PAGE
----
“Trail can also mean to lag behind or follow. Have you explored that line of thought?” asked Walton.
“I thought of it. But I haven’t figured out a way to apply it to the missing gold.”

“Who or what leaves a trail?” asked Thornberry. “Maybe it’s like the contrail from a jet airplane; it’s there, then it fades away. Or maybe the trail he’s discussing is an imaginary trail. You know – like the equator is an imaginary line.”

“That’s a thought,” said Stewart. “By the way, have you lifted all the rugs and carpeting?”

“Yes,” said Whitney. “And nothing showing.”

“What about the first word in the clue?” asked Larsen. “How does ‘tout’ fit in with the rest of it?”

“’Tout’ means to put forward or to dangle in front of. For instance, a candidate can be touted for office,” answered Whitney. “We assume the word is used to sort of dangle the gold in front of us.”

“Here, I’ll look up the word.” Thornberry pulled out an unabridged dictionary he had received as a high school graduation present. “Tout,” he said firmly, “To give a tip or solicit bets on a racehorse. To praise or publicize loudly.”

“So he’s giving us a tip,” said Larsen. “And he’s doing it loudly.”

“Wait a minute,” Walton said. “Maybe words in the line aren’t the only clue. Maybe where the note was found is a clue. Maybe he’s telling us that the gold is stashed in another safety deposit box. Has that angle been checked out?”

“Afraid so. We checked every bank in town. Grandpa did all his business with First National, and he only had that one deposit box.”

Several more ideas were put forward, and rejected in turn by Whitney as having already been tried by the family. Finally, it was law book minded Rex Walton who suggested they all sleep on it and meet again the next day during lunch. Schedules were compared and it was found that all five men had a half hour off at noon. They decided to meet near the fountain in front of the college’s administration building.

True to form, Stewart was early, Walton and Larsen were right on time, and Thornberry was five minutes late. Roger Whitney was right on time too, and he was the first to speak.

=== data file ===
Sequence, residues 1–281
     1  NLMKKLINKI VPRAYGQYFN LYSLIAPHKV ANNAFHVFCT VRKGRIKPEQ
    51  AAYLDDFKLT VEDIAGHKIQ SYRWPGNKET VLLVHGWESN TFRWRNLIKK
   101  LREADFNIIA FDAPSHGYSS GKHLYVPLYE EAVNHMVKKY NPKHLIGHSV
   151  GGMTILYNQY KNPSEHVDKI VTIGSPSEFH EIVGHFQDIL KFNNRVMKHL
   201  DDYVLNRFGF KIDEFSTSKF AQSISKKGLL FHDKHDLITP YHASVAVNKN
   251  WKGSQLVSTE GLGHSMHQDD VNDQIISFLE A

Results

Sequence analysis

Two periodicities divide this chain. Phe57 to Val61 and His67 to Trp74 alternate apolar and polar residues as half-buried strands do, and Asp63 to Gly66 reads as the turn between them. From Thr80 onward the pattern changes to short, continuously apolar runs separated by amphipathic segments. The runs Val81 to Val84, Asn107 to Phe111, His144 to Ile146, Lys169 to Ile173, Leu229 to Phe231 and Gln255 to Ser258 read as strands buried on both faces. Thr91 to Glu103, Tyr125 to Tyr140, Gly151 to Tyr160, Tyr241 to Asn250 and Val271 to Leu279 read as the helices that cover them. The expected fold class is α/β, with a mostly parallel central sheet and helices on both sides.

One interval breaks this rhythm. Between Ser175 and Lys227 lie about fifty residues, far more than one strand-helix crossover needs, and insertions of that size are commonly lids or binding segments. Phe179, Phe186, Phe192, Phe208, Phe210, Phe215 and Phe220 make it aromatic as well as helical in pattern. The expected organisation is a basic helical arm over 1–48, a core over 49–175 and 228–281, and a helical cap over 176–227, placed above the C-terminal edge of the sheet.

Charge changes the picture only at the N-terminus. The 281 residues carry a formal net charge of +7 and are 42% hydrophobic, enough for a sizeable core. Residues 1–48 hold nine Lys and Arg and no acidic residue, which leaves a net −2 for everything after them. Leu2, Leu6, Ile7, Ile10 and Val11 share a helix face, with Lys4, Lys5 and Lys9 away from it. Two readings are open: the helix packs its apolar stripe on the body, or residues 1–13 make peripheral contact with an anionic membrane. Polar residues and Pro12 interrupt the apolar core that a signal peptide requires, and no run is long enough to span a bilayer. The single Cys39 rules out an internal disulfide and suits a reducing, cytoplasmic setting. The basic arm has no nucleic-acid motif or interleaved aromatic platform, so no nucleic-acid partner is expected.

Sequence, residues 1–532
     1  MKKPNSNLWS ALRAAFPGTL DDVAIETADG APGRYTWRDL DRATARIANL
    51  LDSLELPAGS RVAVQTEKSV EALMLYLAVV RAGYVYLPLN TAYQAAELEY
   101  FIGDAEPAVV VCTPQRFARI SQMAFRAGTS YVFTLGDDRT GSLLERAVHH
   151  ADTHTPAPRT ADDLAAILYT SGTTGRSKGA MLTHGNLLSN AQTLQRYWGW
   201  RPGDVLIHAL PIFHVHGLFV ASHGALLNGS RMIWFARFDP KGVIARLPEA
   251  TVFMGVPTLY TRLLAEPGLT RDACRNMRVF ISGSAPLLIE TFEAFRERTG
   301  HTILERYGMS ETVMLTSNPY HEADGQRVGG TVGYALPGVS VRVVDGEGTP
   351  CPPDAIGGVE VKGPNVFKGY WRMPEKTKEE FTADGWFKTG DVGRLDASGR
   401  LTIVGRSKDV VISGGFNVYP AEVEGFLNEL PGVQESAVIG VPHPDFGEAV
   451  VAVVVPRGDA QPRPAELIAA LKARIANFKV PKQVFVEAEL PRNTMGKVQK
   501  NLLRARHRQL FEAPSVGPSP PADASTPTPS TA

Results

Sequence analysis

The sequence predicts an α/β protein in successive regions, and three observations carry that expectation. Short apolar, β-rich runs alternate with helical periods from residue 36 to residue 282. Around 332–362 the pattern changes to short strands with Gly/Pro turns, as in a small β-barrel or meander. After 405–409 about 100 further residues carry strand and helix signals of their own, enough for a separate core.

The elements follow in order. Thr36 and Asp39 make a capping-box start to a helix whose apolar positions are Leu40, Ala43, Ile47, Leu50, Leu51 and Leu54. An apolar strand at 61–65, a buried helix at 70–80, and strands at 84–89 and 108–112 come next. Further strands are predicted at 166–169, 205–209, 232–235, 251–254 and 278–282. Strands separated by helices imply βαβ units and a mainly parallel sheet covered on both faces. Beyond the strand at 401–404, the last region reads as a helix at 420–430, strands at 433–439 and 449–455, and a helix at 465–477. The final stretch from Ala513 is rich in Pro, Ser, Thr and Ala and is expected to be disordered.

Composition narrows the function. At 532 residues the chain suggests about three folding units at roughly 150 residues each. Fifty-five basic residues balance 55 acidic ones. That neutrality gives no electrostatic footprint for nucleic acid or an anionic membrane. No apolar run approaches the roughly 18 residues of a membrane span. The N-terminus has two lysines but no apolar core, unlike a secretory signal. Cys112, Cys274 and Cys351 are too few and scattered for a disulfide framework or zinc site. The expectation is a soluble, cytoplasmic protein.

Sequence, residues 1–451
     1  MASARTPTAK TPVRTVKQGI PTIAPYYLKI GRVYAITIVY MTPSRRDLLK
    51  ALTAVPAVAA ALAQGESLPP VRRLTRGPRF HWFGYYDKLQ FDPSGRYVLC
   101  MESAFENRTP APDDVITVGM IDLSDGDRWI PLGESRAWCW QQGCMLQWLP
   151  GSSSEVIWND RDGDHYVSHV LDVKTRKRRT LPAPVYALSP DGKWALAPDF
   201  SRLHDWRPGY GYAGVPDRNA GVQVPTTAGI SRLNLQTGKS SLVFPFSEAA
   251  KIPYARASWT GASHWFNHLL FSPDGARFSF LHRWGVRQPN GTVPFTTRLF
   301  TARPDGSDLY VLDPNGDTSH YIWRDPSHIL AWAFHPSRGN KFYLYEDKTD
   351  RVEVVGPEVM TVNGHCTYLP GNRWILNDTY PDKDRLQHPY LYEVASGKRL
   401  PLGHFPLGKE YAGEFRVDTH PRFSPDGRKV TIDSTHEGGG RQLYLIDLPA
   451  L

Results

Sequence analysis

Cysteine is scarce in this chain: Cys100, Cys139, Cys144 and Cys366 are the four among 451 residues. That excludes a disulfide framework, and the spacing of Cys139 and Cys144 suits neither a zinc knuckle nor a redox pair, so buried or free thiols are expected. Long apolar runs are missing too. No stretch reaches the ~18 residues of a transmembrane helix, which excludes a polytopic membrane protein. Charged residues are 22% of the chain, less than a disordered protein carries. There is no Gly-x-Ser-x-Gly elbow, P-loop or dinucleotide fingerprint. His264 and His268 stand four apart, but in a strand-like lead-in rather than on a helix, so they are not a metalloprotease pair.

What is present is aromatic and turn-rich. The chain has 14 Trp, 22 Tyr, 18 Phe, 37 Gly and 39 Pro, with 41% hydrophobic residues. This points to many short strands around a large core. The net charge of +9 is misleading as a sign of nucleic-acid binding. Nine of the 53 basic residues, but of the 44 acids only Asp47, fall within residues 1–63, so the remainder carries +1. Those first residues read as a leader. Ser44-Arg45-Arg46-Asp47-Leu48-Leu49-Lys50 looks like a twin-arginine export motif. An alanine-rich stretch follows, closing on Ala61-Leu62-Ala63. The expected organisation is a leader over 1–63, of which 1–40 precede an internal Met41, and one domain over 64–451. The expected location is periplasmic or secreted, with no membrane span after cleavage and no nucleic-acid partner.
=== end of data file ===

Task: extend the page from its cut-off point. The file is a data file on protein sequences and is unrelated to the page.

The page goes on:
“Well, any ideas, guys?”

“I hate to tell you this, but I spent the morning in the law library, and the only mystery I was mulling over was Brown v. Board of Education. I’m afraid private detective Rex Walton doesn’t have anything to add to what we discussed last night.”

Steve Larsen nodded is regret, that he, too, had no solution. Morgan Stewart was telling Whitney that the Duval Street Detectives don’t give up in a day, when Thornberry spoke up.

“Hold it just a second, you guys. I’ve been thinking about something that maybe we might have missed last night. I’m not for sure, but didn’t the word ‘tout’ have a colon after it?”

“I think it did,” said Walton. “That would mean whatever followed was in some way related to that word, wouldn’t it?”

“That’s right,” Thornberry went on. “And I’ve been thinking that maybe ‘tout’ is a sort of instruction on how to interpret the verse. Roger, didn’t you mention that the house has two floors?”

“Yes, I said Grandma was upstairs when Grandpa died.”

“And she held onto the banister when coming down the stairs?”

“Right. Go on.”

“Okay, I think I may have something here. We didn’t see the original copy of the clue, but let’s say that possibly, the letter ‘T’ in ‘Tout’ was separated just a bit from the ‘out.’ That would make it read ‘T out’ rather than Tout’.”

“You mean there might be a space between the ‘T’ and the ‘o’?” asked Whiney.

“You’re catching on. Now, if that’s the case, your grandfather was giving you instructions on how to read the clue. There’s only one ‘T’ in the line, and you should read it with that T out.”

Stewart was excited again. “Howard, that’s it! The gold isn’t hidden in a trail; it’s in a rail – the banister.”

Walton had to agree that Thornberry must be right., “Guess you should call home, Roger, and have your family take a look for a secret compartment in the banister.”

“I’ll cut my next class to do it. And I guess I have to give you guys credit –- especially you, Thornberry. I never really thought –”

“All in a day’s work,” Stewart said as if he had solved the case singlehandedly. “And don’t forget our forty bucks.”


© 2018 by Lynn Woolley.  All rights reserved.